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Published: April 7th 2016
Today started off with our guide, Momo, taking us to Dar el-Makhzen, the Royal Palace of Fez. Unfortunately, visitors are not allowed inside the palace but we did get to admire the colourful outer brass doors and blue décor.
The next stop was the Jewish cemetery. The Jewish cemetery is a reminder of the once thriving Jewish community in Fez. It was interesting to see the difference between this cemetery and the ones we have back home. The Jewish cemetery unlike anything I have ever seen was all in white with round tombstones and Jewish inscriptions on the graves.
After paying our respects, we headed off to the old medina of Fez. The medina of Fez is listed as a UNESCO world heritage site and is believed to be one of the world’s largest car-free urban areas. The medina is a maze and is not for a foreigner to explore on their own. We were lucky to have our guide Momo, to help us navigate the old city. The medina is divided into different sections. We first past through the spice and food market section, various mosques, the brass pots section, the textile section and
finally ended up in the carpet section.
We were taken to a carpet business where the group was shown various carpets. There were Berber carpets, silk carpets, and table cloths. There are 4 features that determine if a rug is hand knotted.
1. The design is the same on the front of the rug as it is on the back.
2. The fringe goes into the rug, and is not affixed with precise (machined) stitches
3. The rug has inconsistencies in knot height and thickness
4. The rug is very malleable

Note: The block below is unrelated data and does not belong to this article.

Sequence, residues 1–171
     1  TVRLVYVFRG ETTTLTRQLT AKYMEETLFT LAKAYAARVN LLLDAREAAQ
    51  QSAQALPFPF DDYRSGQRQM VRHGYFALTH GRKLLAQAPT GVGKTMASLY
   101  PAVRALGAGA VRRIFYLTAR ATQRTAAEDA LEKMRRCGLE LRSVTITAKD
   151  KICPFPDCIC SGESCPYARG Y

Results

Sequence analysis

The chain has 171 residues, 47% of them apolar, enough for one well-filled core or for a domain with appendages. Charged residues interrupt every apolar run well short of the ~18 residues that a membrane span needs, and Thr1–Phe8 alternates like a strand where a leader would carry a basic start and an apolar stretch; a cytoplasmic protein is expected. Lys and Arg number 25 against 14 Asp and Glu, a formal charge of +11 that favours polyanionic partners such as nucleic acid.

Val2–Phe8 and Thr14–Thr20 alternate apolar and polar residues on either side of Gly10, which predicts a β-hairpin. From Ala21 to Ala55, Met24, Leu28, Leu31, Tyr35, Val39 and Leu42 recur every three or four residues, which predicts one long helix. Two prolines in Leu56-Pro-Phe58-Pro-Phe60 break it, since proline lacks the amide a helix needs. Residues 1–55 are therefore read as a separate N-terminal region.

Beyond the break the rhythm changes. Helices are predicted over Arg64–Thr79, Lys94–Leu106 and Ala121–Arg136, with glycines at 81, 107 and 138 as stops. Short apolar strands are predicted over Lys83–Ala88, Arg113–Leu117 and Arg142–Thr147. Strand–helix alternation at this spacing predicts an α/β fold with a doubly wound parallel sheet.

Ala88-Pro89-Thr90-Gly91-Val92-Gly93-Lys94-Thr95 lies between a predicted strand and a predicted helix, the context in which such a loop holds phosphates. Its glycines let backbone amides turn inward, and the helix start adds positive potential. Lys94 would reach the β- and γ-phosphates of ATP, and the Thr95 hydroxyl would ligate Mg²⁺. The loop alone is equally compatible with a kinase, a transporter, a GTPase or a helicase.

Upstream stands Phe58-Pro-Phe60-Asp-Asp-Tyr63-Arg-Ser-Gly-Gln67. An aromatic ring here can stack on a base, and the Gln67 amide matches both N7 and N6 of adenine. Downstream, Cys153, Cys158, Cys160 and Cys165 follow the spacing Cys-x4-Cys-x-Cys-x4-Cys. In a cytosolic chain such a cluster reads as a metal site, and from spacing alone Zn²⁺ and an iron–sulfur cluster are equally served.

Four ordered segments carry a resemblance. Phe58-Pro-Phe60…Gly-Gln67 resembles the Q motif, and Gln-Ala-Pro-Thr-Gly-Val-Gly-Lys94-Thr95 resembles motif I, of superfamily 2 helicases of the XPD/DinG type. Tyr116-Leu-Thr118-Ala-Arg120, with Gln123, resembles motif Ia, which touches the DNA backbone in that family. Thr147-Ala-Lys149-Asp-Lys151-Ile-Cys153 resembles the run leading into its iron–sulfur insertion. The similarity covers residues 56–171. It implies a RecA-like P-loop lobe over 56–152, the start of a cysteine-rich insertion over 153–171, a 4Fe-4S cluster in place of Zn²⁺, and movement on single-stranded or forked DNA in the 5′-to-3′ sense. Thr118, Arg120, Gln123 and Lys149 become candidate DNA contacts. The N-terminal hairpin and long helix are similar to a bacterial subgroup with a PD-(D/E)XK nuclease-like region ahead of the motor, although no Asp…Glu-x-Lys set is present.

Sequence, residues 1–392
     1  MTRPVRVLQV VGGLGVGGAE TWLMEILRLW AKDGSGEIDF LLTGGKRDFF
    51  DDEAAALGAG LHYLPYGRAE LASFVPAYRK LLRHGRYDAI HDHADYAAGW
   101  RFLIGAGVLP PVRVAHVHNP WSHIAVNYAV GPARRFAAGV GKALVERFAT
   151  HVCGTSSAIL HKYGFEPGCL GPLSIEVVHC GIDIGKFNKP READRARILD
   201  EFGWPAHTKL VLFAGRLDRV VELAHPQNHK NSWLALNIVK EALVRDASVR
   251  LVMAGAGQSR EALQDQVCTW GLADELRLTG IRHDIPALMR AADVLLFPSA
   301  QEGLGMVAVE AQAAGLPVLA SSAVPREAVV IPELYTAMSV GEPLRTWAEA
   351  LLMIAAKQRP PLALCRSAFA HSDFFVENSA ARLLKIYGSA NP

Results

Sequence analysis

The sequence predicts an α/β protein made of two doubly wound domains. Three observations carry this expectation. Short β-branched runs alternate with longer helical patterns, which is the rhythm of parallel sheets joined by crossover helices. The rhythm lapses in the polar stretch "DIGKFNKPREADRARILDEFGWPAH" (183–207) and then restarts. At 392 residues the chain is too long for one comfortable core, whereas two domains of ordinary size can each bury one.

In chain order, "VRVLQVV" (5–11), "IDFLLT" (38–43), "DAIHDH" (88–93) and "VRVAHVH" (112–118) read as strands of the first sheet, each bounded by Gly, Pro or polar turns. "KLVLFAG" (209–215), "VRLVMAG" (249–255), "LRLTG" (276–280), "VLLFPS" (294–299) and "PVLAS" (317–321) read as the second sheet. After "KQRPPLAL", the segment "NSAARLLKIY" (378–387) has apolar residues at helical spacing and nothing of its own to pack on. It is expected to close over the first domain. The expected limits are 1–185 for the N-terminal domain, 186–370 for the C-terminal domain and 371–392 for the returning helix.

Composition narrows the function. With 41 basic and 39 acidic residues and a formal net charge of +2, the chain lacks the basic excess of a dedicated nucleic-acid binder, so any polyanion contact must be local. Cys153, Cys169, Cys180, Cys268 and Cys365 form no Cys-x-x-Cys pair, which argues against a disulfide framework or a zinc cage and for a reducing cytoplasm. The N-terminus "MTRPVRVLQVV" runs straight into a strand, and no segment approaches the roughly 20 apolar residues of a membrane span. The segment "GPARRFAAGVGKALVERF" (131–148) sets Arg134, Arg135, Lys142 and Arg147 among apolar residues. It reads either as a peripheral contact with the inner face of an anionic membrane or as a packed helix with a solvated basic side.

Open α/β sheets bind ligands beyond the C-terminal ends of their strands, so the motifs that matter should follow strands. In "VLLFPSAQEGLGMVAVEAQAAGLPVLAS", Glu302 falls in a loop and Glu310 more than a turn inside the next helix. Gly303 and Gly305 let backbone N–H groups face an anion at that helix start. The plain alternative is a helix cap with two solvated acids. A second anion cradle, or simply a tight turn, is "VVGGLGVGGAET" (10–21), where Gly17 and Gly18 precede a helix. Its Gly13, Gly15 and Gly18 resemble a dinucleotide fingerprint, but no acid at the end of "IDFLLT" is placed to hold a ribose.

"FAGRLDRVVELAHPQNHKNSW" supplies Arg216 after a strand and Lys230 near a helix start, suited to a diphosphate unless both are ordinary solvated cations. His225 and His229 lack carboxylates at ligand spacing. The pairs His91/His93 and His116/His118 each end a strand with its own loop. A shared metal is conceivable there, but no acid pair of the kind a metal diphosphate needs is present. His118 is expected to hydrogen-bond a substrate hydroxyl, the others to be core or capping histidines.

After lunch and an expensive rug purchase, it was time to see how leather was made at a local tannery. It was interested to see how leather was created, but the tanning process was very foul –smelling. We were given mint leaves to mask the smell of the leather being tanned. I could not spend that much time there at the tannery before getting a massive headache.
After the tannery we were shown an embroidery shop and then a textile clothing shop. We ended up buying two traditional Moroccan Kaftan dresses for the night out.
After our incredible time in the Fez medina, we were given the option to visit a traditional Moroccan Hammam. A Hammam is a steam room similar to a Turkish bath that Moroccan go to cleanse themselves. There was a separate building for the men and for the women.
The public Hamman experience was a real eye opener for the more reserved Westerners such as myself. The first room is a changing room. There are ladies on duty as you enter where you can hire buckets to leave your belongings. You can buy exfoliation gloves at the entrance when you pay to get it. I do not remember the cost, but it was cheap to get in.
From the change rooms, we passed through rooms with steam and naked ladies. We were separated into groups with each group giving a Hamman lady to scrub us down. Water was poured onto me and I was told to lay down on my back and then on my front as the naked Hamman lady scrubbed me down from head to toe with a glove.
It was definitely an interesting but not a very
clean experience. There was a woman peeing by the side of the room and I got scrubbed by a glove that was used on other women. I am not even sure why I bought the scrubbing glove. I am pretty sure that I did not receive the whole treating. Isn’t there soap involved! I left feeling more dirty than clean and when we arrived back at the hotel, I took a quick shower before we headed out. Nevertheless, I would do it again for the experience.
That night with everyone dressed in their Moroccan attire, we headed out for a Moroccan dinner and show. It was a great time with belly dancing and traditional Moroccan music. The food was also very good. The best part was the dessert called Pastilla; a meat pie which combines sweet and salty flavours. There is a crisp layer of crepe like dough, with savory meat, spices inside with a crunchy layer of toasted and ground almonds, cinnamon and sugar on top.
The next day we will be heading to Marrakesh, a more modern city in Morocco compared to the traditional Fez.
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